Sport & Exercise

If you have a technical query about a Shire product, please call medical information on +44 (0) 1635 798777

To report an adverse event please contact Pharmacovigilance
on +44 (0) 203 655 2430 or by email at

This website is intended for carers and patients living with haemophilia.

Living with Haemophilia

Being physically active is essential for a healthy life whoever you are and this does not change because you have haemophilia. In fact, sensible exercise can be even more beneficial to someone with haemophilia as it helps you to develop strong bones and muscles that can protect your joints from the stresses of daily life.

For most people with haemophilia the benefits of involvement in almost all sports outweigh any potential risks, although it is worth considering the nature of the exercise from the outset. Always check with your hemophilia doctor or physiotherapist before starting new sports or exercises. They know your individual circumstances and will be able to advise you on the sports and exercises that are safe and best for you. The following should provide a useful checklist of things to think about before starting a new sport:

  • The location of typical bleeds - some sports may be off limits due to past bleeding history and present joint condition.  For example, those with a history of ankle or knee bleeds would need prophylactic treatment prior to participation in running sports and if ankle or knee bleeds occur regularly then they should refrain from these sorts of activities to prevent further joint damage
  • The risks associated with the sport - it may be the case that participating in a sport with a high risk of injury could prevent someone with haemophilia from participating in other sports later on.  This possibility and the other benefits and risks of specific sports should be discussed in detail
  • The skill level that the sport is being played at – a kick around in the local park is very different to a competitive game of football
  • The contact level of the sport - it is generally agreed that people with haemophilia should avoid rough contact sport.  However, where there is the potential for contact it is important that you protect yourself properly by wearing appropriate clothing and protective equipment while you play.  It is also important to ensure that there are no bleeds into the joints afterwards, and that a proper cool down is done to enable the body to recover gradually from the intense bursts of physical activity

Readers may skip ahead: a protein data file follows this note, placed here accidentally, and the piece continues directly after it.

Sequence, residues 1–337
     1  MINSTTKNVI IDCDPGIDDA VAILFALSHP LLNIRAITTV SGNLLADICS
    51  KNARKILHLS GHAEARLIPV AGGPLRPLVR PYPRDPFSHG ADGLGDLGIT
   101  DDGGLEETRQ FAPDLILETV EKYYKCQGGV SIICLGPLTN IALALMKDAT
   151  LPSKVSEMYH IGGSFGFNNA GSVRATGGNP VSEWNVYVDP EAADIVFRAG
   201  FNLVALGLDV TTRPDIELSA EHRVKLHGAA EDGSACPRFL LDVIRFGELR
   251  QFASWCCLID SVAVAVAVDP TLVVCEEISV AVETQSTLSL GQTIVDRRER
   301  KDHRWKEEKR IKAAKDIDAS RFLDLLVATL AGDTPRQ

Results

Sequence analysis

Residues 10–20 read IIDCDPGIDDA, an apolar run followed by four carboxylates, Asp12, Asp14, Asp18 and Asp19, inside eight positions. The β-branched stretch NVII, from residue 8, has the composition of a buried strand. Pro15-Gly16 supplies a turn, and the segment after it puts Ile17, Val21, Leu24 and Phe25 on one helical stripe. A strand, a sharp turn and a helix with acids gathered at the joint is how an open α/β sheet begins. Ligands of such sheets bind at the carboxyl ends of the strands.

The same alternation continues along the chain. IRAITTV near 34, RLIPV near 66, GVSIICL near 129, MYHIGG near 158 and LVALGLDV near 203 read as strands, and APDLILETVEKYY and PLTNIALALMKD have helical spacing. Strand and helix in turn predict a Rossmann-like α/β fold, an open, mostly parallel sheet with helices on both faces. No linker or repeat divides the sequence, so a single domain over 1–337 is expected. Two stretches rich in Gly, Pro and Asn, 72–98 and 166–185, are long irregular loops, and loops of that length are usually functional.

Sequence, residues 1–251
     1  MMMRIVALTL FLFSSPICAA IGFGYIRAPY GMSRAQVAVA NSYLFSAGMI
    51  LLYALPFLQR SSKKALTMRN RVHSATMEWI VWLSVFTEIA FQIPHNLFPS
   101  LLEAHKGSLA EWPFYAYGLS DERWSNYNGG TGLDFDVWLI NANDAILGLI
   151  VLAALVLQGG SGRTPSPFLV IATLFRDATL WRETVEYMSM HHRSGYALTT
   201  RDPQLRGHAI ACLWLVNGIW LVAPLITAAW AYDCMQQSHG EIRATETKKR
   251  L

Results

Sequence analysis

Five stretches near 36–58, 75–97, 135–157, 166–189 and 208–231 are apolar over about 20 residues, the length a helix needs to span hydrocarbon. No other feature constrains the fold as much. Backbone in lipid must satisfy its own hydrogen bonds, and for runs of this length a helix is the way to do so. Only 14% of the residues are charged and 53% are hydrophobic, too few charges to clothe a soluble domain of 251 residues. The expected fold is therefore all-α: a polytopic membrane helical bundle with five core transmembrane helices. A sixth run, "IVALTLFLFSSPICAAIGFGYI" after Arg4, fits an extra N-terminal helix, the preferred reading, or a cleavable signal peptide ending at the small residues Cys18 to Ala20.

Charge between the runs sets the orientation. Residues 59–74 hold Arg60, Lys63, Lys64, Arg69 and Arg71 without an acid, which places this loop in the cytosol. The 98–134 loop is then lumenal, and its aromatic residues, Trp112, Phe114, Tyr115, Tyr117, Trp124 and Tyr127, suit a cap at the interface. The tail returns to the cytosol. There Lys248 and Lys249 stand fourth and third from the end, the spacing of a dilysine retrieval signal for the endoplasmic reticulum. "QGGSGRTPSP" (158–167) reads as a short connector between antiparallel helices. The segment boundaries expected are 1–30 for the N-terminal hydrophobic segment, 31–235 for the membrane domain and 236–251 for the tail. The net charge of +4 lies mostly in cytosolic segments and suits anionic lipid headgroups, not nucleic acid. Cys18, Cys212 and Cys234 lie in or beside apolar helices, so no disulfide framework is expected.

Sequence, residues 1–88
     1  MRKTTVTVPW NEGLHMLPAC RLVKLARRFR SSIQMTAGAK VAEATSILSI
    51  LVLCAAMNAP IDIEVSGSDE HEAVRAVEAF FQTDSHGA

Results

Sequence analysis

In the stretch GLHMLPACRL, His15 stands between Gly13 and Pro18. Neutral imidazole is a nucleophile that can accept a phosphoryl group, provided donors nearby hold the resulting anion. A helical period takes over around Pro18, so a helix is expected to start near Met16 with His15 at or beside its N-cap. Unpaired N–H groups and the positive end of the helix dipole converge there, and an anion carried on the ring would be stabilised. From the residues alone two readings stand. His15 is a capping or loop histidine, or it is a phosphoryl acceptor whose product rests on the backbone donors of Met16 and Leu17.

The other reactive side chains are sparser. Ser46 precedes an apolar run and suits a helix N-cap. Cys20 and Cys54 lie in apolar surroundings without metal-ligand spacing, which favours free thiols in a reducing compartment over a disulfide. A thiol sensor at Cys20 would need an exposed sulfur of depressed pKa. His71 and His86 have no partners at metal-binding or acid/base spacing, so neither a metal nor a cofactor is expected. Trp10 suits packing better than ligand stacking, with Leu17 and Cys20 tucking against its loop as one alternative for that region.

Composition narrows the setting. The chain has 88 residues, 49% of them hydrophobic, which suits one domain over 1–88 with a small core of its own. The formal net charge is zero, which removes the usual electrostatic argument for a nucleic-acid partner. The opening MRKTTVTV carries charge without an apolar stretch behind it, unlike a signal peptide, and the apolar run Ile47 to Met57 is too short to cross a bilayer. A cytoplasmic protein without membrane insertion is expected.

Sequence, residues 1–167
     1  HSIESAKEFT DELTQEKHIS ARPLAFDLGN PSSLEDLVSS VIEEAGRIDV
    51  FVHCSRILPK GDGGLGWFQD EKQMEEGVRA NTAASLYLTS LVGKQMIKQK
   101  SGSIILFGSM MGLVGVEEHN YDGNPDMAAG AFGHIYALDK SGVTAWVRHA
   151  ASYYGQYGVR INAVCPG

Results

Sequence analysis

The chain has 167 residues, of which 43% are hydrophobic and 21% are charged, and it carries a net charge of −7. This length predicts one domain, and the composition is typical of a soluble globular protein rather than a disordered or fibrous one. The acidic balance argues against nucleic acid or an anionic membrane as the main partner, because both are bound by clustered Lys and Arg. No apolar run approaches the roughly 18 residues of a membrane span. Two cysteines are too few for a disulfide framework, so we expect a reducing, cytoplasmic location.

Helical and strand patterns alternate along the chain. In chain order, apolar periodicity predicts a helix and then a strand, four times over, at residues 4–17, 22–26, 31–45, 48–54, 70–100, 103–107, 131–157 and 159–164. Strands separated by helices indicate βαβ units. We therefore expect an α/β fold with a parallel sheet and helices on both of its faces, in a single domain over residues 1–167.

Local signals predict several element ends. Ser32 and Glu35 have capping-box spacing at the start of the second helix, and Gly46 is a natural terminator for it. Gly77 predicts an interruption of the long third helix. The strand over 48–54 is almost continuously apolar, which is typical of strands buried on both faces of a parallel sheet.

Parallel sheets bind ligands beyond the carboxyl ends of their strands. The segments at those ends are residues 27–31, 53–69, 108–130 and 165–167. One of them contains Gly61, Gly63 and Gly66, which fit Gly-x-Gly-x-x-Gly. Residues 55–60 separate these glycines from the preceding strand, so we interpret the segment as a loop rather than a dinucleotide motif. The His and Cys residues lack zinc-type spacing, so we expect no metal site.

For someone with haemophilia it is important to understand the value of overall conditioning, which includes muscle strengthening and stretching exercises, and this should always be an ongoing part of your exercise routine. In addition, it should be noted that exercises that are more closely related to a specific sport will help to target those muscle groups that need to be strengthened, thereby reducing the likelihood of an injury. 

Warming up and cooling down

A warming up (5 to 10 minutes) and stretching session (5 to 10 minutes) should be done before all exercise and should concentrate on the muscle groups that will be used during the activity.  In addition to this an exercise session should always finish with an equally thorough cool down (5 to 10 minutes) and stretch (5 to 10 minutes).  It is true that this routine should be followed by everyone, but most people don't take the time to do these things properly and, as a result, injuries can happen, and for someone for with haemophilia preventing an injury is key. 


Despite all precautions, participation in a sport will sometimes lead to a bleeding episode. It is important that the early signs are responded to quickly and that the risks of not doing so are understood.

If a bleed does occur as the result of a sports-related injury it must be stopped using your factor VIII treatment and following the PRICE (Protection, Rest, Ice, Compression, and Elevation) principle (click here for more information).  If a bleed is more serious it can leave joints and muscles feeling stiff and sore for long periods of time and this might mean taking it easy for a while and rebuilding flexibility and strength slowly before resuming sport.